David Davis was forced to jump to the defense of Theresa May this morning, batting away accusations that her Article 50 letter threatened to end Britain’s security co-operation with the EU.
Mrs May struck an optimistic tone as she ground Brexit into gear.
In her letter, hand-delivered by Britain’s EU ambassador Tim Barrow into the hands of President of the European Council Donald Tusk, Mrs May said: ‘The United Kingdom wants to agree with the European Union a deep and special partnership that takes in both economic and security cooperation.
‘To achieve this, we believe it is necessary to agree the terms of our future partnership alongside those of our withdrawal from the EU.’
But it wasn’t long before cold water was poured unceremoniously over her negotiating strategy.
German Chancellor Angela Merkel deftly derailed Mrs May’s plans for trade talks to take place at the same time as negotiations for Britain’s departure.
The Chancellor said: ‘The negotiations must first clarify how we will disentangle our interlinked relationship, and only when this question is dealt with, can we, hopefully soon after, begin talking about our future relationship.’
Another blow came from Manfred Weber, the head of the European Parliament’s biggest political bloc.
He warned: ‘History will show that Brexit is a tremendous mistake. It will create a lot of damage for both sides.’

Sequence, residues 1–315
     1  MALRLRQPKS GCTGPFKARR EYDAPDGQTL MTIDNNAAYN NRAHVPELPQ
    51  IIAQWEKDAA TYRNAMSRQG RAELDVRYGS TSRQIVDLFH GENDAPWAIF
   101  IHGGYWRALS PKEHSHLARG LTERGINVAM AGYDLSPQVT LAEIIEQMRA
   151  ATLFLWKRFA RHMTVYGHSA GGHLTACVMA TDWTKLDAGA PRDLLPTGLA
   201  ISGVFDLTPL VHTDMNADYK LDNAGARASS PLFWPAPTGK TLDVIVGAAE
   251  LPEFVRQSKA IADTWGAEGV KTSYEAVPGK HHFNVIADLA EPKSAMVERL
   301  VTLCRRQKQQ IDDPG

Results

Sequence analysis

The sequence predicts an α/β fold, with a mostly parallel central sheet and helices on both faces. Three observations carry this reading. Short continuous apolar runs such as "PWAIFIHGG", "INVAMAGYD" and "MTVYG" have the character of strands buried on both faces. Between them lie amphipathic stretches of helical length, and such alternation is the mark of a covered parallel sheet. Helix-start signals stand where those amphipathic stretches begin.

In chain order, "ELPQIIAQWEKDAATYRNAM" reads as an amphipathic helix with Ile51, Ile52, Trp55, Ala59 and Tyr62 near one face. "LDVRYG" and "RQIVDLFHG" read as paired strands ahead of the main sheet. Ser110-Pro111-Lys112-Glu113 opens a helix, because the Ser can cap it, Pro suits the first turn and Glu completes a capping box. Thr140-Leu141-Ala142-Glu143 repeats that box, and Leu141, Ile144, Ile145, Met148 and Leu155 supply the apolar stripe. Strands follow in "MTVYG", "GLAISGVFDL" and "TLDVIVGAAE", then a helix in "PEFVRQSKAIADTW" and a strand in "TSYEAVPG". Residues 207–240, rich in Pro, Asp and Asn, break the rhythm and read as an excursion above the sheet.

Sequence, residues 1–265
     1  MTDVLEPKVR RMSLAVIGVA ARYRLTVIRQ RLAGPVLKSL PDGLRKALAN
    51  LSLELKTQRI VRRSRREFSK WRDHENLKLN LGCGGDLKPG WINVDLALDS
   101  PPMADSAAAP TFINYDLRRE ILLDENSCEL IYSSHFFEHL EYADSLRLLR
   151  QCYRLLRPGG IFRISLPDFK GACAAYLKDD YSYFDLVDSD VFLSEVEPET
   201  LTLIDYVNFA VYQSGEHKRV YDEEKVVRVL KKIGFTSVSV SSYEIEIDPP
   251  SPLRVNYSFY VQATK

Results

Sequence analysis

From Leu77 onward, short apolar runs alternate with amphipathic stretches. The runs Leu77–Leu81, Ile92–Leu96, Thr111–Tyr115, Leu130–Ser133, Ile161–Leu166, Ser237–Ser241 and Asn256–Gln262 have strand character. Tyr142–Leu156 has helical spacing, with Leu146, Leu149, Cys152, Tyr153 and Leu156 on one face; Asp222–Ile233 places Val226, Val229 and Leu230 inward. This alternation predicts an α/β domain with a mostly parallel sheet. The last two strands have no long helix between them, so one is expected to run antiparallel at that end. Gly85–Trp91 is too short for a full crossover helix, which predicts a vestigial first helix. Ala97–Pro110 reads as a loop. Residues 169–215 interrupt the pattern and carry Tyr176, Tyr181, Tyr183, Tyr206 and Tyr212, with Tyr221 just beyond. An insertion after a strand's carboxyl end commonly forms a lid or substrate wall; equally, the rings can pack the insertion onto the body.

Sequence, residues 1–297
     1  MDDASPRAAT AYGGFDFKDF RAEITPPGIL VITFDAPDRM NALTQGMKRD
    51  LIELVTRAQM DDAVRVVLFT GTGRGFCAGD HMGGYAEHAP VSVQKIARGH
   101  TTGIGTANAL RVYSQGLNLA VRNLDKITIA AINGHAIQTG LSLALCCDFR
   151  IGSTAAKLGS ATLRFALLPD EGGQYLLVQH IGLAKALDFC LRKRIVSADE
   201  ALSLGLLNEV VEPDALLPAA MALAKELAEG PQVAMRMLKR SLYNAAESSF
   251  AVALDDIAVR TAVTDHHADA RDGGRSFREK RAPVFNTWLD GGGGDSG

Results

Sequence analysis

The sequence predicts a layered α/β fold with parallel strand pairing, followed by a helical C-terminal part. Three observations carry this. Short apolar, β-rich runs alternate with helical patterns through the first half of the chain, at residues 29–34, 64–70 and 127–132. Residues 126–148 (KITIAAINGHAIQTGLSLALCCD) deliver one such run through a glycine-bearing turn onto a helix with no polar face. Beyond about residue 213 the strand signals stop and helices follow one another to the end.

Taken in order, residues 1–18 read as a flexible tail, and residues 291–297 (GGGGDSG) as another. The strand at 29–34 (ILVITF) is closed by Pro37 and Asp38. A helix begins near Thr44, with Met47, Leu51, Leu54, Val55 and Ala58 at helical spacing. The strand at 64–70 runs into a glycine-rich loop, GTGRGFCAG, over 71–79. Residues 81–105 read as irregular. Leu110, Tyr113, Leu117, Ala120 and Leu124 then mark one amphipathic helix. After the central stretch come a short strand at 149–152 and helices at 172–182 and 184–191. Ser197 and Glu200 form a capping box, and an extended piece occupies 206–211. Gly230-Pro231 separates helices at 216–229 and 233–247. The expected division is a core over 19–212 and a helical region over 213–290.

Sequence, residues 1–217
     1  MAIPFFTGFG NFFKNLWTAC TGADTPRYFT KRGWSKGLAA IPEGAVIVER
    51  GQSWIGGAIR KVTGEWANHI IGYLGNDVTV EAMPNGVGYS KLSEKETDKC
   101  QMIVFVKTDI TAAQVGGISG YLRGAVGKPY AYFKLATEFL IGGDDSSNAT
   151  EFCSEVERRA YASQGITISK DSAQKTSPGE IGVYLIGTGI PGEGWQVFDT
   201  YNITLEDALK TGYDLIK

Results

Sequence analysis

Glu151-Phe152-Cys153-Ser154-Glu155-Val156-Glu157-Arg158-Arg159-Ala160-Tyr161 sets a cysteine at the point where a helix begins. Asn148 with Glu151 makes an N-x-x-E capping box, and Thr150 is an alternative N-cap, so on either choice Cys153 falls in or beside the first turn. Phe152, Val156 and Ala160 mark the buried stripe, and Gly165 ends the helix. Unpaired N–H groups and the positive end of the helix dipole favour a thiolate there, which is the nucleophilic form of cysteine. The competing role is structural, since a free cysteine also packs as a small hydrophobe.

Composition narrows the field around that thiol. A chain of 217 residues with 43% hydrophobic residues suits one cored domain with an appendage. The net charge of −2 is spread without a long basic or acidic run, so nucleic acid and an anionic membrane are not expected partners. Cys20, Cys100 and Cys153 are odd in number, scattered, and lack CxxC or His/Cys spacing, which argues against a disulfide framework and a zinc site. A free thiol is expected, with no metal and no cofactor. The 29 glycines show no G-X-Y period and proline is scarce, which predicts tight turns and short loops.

Brexit negotiator Guy Verhofstadt made it quite clear that Theresa May could not use security as a bargaining tool in discussions regarding the divorce between Britain and the EU.
He stated: ‘What we shall never accept is that there is a trade-off between the one and other. Saying, oh, we can do a good deal on security – internal and external – but there is also a deal that we want on trade and economics.
‘I think the security of our citizens is far too important to start a trade off from one to the other.’
More doom and gloom came in the form of French President Francois Hollande’s reaction to the beginning of Brexit.
Mr Hollande warned that while Brexit was ‘sentimentally painful’ for Europe it would be ‘economically painful’ for Britain.
Back on home soil, the news was hardly better for Mrs May.
SNP Westminster leader Angus Robertson pulled no punches speaking in parliament.
He told the Commons: ‘The Prime Minister says that she thinks Brexit will bring unity to the United Kingdom, it will not. On this issue it is not a United Kingdom and the Prime Minister needs to respect the differences across the nations of the United Kingdom.
‘If she does not, if she remains intransigent, and if she denies Scotland a choice on our future, she will make Scottish independence inevitable.’
Another bad omen for the state of the union came from Welsh First Minister Carwyn Jones, who dangled the sword of Welsh independence over the head of Theresa May.
Speaking on Radio 4’s Today Programme, Mr Jones set out his stance that access to the single market is a deal-breaker, saying: ‘We want fuller and unfettered access to the single market.’
Unsurprisingly, Labour leader Jeremy Corbyn had few kind words to say about the Brexit strategy, and warned that his party would gladly set themselves in the way of Theresa May’s designs.
He said: ‘The direction the Prime Minister is threatening to take this country in is both reckless and damaging.
‘Labour will not give this Government a free hand to use Brexit to attack rights, protections and cut services.’